DCC Postdoctoral Fellow, Gender, Sexuality, and Women’s Studies, University of Pennsylvania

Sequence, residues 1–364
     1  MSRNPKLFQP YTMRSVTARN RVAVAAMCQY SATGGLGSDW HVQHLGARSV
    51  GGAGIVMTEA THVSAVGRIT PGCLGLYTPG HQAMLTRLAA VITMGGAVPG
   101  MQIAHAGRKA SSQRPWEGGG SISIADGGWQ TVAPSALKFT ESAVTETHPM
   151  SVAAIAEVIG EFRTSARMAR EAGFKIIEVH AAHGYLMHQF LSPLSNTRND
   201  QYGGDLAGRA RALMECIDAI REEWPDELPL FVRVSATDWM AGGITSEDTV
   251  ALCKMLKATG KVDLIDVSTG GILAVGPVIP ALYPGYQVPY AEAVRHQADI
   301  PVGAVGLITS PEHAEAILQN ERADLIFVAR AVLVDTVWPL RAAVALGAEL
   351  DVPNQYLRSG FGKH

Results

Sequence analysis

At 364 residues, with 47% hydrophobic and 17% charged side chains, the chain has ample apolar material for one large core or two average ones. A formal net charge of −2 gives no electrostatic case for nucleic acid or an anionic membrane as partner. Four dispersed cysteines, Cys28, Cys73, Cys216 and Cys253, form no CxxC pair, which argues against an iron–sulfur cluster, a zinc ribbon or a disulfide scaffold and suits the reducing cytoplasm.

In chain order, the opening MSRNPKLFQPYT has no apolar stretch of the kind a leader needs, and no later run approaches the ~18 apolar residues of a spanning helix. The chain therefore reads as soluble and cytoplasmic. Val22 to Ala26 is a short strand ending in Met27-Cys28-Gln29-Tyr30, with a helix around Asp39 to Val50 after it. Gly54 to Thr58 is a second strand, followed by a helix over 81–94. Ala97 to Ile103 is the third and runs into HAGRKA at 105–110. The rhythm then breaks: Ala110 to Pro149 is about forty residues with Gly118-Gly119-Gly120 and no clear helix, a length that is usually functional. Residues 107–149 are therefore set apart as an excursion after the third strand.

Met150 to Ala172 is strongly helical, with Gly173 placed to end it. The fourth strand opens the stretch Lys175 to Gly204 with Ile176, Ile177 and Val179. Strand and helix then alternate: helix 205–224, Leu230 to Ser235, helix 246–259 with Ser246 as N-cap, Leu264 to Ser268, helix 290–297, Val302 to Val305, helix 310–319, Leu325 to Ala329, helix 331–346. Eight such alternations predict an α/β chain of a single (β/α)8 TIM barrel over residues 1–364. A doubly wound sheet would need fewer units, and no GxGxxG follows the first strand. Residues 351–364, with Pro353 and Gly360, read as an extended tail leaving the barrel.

Shenila Khoji-Moolji received her doctorate in Education and additional certification in Feminist Theory from Columbia University in 2016. Her research interests include examining discourses on gender and education, and their entanglement with practices of power. Dr. Khoja-Moolji’s work problematizes the centering of girls’ education and empowerment as a solution to societal problems, especially in relation to Muslim-majority nations. Specifically, she interrogates universalistic notions of girlhood, empowerment, and rights embedded in past and present calls for women’s and girls’ education, and in doing so highlights the raced, gendered, and religioned configurations of citizenship that emerge in and through humanitarian discourses. Dr. Khoja-Moolji has written extensively about the convergence on the figure of the girl in transnational development regimes. She also investigates education policy discourses as they relate to immigrants in the United States and teacher development in the global South. Her work has appeared in Signs: Journal of Women in Culture and Society, International Journal of Qualitative Studies in Education, Comparative Studies of South Asia, Africa and the Middle East, Compare: A Journal of Comparative and International Education, Discourse: Studies in the Cultural Politics of Education, Feminist Teacher, Gender and Education, Girlhood Studies, and Journal of Diaspora, Indigenous, and Minority Education, and in several book chapters. She also pursues an active public scholarship agenda, with opinion pieces and essays appearing in The New York Times, The Washington Post, and The Huffington Post. At Penn, Dr. Khoja-Moolji plans to complete her book manuscript, tentatively entitled Gender, Education, and Governmentality: The Making of Educated Female Muslim Subjects in Colonial India and Postcolonial Pakistan (1857-2015).